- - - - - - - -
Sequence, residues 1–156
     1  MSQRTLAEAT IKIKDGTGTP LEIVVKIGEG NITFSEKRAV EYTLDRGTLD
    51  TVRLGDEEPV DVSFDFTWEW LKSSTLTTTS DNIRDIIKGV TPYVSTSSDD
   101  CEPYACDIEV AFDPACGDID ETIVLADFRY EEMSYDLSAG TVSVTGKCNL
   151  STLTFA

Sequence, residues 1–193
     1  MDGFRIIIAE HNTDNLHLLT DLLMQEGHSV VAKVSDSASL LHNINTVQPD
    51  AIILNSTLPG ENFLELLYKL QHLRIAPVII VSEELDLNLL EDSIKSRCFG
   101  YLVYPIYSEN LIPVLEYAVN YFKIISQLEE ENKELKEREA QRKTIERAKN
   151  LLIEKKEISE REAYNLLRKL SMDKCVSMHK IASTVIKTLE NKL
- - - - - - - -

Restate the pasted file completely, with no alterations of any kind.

Sequence, residues 1–156
     1  MSQRTLAEAT IKIKDGTGTP LEIVVKIGEG NITFSEKRAV EYTLDRGTLD
    51  TVRLGDEEPV DVSFDFTWEW LKSSTLTTTS DNIRDIIKGV TPYVSTSSDD
   101  CEPYACDIEV AFDPACGDID ETIVLADFRY EEMSYDLSAG TVSVTGKCNL
   151  STLTFA

Sequence, residues 1–193
     1  MDGFRIIIAE HNTDNLHLLT DLLMQEGHSV VAKVSDSASL LHNINTVQPD
    51  AIILNSTLPG ENFLELLYKL QHLRIAPVII VSEELDLNLL EDSIKSRCFG
   101  YLVYPIYSEN LIPVLEYAVN YFKIISQLEE ENKELKEREA QRKTIERAKN
   151  LLIEKKEISE REAYNLLRKL SMDKCVSMHK IASTVIKTLE NKL